The Man Who Knew Infinity
A Life of the Genius RamanujanBook - 1992
In 1913, a young unschooled Indian clerk wrote a letter to G H Hardy, begging the preeminent English mathematician's opinion on several ideas he had about numbers. Realizing the letter was the work of a genius, Hardy arranged for Srinivasa Ramanujan to come to England. Thus began one of the most improbable and productive collaborations ever chronicled. With a passion for rich and evocative detail, Robert Kanigel takes us from the temples and slums of Madras to the courts and chapels of Cambridge University, where the devout Hindu Ramanujan, 'the Prince of Intuition,' tested his brilliant theories alongside the sophisticated and eccentric Hardy, 'the Apostle of Proof.' In time, Ramanujan's creative intensity took its toll: he died at the age of thirty-two and left behind a magical and inspired legacy that is still being plumbed for its secrets today.
From the critics
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The book is filled with gems in math and Indian culture. Collected about 16 pages and could have double that easily. Here are just examples:
This is a story, too, about what you do with genius once you find it. Ramanujan was brought to Cambridge by an English mathematician of aristocratic mien and peerless academic credentials, G. H. Hardy, to whom he had written for help.
From his mother, Ramanujan absorbed tradition, mastered the doctrines of caste, learned the puranas. He learned to sing religious songs, to attend pujas, or devotions, at the temple, to eat the right foods and forswear the wrong ones— learned, in short, what he must do, and what he must never do, in order to be a good Brahmin boy.
“but his mind was free, or, shall we say, was the slave of his genius.”
Government College, Kumbakonam, 1904 and 1905 . . . Pachaiyappa’s College, Madras, 1906 and 1907 . . . there was no room for Srinivasa Ramanujan in the higher education system of South India.
The genius of Hinduism, then, was that it left room for everyone. It was a profoundly tolerant religion. It denied no other faiths. It set out no single path. It prescribed no one canon of worship and belief. It embraced everything and everyone. Whatever your personality there was a god or goddess, an incarnation, a figure, a deity, with which to identify, from which to draw comfort, to rouse you to a higher or deeper spirituality. There were gods for every purpose, to suit any frame of mind, any mood, any psyche, any stage or station of life. In taking on different forms, God became formless; in different names, nameless. Among the thousands of deities, most South Indian families tended to invest special powers in a particular one— which became as much part of the family’s heritage as stories passed down through the generations, or its treasured jewelry. ...
The number of partitions of 3, p( 3), is just 3 (3, 1 + 1 + 1, 1 + 2). But by the time you get up to 10, p( 10) = 42. And p( 50) = 204,226. ...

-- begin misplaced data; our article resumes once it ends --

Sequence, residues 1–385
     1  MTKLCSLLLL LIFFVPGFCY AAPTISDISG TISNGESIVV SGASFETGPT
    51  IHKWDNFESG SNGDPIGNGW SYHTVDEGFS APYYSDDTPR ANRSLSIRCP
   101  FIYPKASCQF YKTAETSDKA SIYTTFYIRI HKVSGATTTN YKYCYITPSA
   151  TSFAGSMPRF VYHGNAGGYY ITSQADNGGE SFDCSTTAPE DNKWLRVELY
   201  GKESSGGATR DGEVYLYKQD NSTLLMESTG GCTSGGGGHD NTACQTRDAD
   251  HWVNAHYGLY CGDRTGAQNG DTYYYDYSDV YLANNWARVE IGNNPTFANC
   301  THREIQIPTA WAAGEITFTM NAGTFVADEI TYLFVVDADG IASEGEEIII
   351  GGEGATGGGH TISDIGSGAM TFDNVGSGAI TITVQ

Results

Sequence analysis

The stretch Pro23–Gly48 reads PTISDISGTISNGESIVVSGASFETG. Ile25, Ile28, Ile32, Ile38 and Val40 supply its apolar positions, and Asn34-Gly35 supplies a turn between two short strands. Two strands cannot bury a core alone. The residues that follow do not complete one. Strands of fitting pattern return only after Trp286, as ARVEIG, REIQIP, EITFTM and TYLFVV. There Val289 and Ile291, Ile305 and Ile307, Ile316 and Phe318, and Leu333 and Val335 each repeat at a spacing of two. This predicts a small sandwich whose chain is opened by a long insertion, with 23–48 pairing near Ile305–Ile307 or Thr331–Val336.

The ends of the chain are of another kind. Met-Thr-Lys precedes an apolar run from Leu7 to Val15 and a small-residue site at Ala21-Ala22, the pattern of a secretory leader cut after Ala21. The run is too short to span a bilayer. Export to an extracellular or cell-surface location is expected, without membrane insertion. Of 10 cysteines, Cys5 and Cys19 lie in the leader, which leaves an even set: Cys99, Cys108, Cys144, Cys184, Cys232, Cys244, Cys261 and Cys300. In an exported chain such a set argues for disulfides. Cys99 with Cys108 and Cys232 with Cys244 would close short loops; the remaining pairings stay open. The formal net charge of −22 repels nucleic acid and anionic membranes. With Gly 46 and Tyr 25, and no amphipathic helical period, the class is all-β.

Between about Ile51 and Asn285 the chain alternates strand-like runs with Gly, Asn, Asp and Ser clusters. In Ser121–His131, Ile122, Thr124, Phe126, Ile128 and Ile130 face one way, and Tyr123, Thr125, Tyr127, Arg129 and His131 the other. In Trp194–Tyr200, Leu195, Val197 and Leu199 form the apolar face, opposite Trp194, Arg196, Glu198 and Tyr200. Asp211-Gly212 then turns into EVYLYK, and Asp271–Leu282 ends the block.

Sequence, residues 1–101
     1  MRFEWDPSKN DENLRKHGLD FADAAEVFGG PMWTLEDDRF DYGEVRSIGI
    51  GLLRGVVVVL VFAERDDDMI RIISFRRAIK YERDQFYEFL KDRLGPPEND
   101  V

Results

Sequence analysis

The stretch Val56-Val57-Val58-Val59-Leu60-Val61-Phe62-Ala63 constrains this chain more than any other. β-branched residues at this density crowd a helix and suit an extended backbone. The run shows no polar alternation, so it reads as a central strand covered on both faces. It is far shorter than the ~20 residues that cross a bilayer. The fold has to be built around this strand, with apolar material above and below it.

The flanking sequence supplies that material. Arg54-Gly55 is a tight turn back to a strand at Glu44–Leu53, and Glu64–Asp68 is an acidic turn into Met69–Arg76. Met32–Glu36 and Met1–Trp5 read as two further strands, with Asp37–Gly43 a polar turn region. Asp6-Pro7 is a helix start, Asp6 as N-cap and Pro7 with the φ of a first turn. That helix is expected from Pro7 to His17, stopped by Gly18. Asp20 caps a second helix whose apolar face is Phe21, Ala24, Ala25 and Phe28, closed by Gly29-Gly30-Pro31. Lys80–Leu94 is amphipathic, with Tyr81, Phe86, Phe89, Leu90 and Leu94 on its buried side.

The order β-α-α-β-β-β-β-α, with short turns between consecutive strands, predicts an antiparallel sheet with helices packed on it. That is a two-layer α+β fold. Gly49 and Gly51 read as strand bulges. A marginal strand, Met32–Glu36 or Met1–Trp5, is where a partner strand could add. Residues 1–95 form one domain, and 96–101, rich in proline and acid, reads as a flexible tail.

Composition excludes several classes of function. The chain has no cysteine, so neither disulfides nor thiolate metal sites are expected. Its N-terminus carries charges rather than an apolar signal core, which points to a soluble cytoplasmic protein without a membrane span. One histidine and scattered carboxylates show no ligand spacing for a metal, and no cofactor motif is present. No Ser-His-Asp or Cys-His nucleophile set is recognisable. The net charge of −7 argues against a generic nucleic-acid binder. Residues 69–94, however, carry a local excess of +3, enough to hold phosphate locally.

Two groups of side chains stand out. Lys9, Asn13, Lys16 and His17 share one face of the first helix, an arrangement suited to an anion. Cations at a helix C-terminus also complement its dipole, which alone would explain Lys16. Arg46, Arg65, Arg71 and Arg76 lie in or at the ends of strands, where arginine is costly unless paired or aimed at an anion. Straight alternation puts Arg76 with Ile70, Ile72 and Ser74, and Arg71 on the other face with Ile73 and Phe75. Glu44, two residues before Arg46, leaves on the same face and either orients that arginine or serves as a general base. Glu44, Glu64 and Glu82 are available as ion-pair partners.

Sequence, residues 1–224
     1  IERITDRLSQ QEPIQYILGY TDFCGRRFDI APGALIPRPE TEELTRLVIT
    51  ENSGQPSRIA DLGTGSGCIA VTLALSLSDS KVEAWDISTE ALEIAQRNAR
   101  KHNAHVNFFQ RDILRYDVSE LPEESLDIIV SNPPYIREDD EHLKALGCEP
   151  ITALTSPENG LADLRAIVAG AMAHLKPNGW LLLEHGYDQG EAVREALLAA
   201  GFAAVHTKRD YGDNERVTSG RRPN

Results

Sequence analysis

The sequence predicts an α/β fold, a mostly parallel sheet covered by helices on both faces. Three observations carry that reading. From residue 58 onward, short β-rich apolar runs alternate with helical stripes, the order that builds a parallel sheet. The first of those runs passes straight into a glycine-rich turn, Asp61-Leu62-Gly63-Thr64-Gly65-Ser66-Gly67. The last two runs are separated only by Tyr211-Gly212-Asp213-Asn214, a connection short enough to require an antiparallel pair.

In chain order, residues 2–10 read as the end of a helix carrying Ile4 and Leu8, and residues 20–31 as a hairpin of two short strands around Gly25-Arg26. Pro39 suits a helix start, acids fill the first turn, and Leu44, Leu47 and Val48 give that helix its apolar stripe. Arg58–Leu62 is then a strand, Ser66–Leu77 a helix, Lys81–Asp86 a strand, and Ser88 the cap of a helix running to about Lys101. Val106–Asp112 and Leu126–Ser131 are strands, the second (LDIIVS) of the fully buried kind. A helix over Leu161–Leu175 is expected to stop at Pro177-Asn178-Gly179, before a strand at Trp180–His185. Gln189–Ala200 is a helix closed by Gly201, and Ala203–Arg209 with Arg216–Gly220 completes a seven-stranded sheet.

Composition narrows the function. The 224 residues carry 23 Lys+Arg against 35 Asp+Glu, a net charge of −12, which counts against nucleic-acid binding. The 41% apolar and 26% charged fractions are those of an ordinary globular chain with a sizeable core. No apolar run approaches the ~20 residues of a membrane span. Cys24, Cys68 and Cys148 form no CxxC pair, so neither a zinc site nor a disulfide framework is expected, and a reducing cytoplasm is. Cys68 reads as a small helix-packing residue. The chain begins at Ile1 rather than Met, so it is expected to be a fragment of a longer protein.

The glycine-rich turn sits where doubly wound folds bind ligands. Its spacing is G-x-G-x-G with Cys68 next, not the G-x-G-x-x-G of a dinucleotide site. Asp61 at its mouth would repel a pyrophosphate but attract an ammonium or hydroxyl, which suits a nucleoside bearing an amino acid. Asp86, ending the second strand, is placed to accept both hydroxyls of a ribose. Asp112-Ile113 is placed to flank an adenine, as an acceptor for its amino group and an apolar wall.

1 + 2 + 3 + 4 + . . . = − 1/ 12 (Check out the proof in numerous sources.)
In chapter 6 was that bizarre stuff from the first letter about divergent series that, Ramanujan had feared, might persuade Hardy he was destined for the lunatic asylum— the one where 1 + 2 + 3 + 4 + . . . unaccountably added up to − 1/ 12. On its face, that was ridiculous; yet it sought to give meaning to divergent series— which at first glance added up to nothing more revealing or precise than infinity.
Drop a needle onto a table finely scored by parallel lines each separated by the length of the needle and the chance of its intersecting a line is 2/ pi.
The university stayed open, but it was only a ghost of what it had been. Trinity was depopulated, its enrollment plummeting from almost six hundred before the war to forty-seven in October 1916.
Ramanujan’s tutor, E. W. Barnes, cast a colder, more bitter light on such losses. In a sermon toward war’s end, he declared: “Of my pupils at Cambridge at least one-half, and practically all the best, have been killed or maimed for life; the work that I did [teaching mathematics over the years] has been for the most part wasted.”
Ramanujan, it need hardly be stated, did not. He had no interest in sports; if Hardy tried to interest him in cricket it didn’t take. He had always been fat, largely oblivious to his body, almost pathologically sedentary.
“Oh, my house has not written to me,” Ramanujan replied, using a common South Indian idiom for “my wife.” “Well,” joked Chatterji, though familiar with the idiom, “houses don’t write.”
Komalatammal’s side of the conflict does not come down to us, except that, by some accounts, she blamed Janaki, on the basis of her horoscope, for Ramanujan’s ill health; had he married someone else, she was certain, he would not have gotten sick.
An Indian marriage was a mating— or a clash— of families. The wife, a newcomer to her husband’s family, was apt to be deemed an interloper, a threat to the household sway long held by her mother-in-law. Besides, she was just a child. Her mother-in-law, who had undergone the same trials when she was a bride, was there to shape her, just as the hard-bitten drill sergeant does new Marines. But here “boot camp,” as it were, extended over years— until the wife bore her own children and then, in the course of time, became a mother-in-law herself.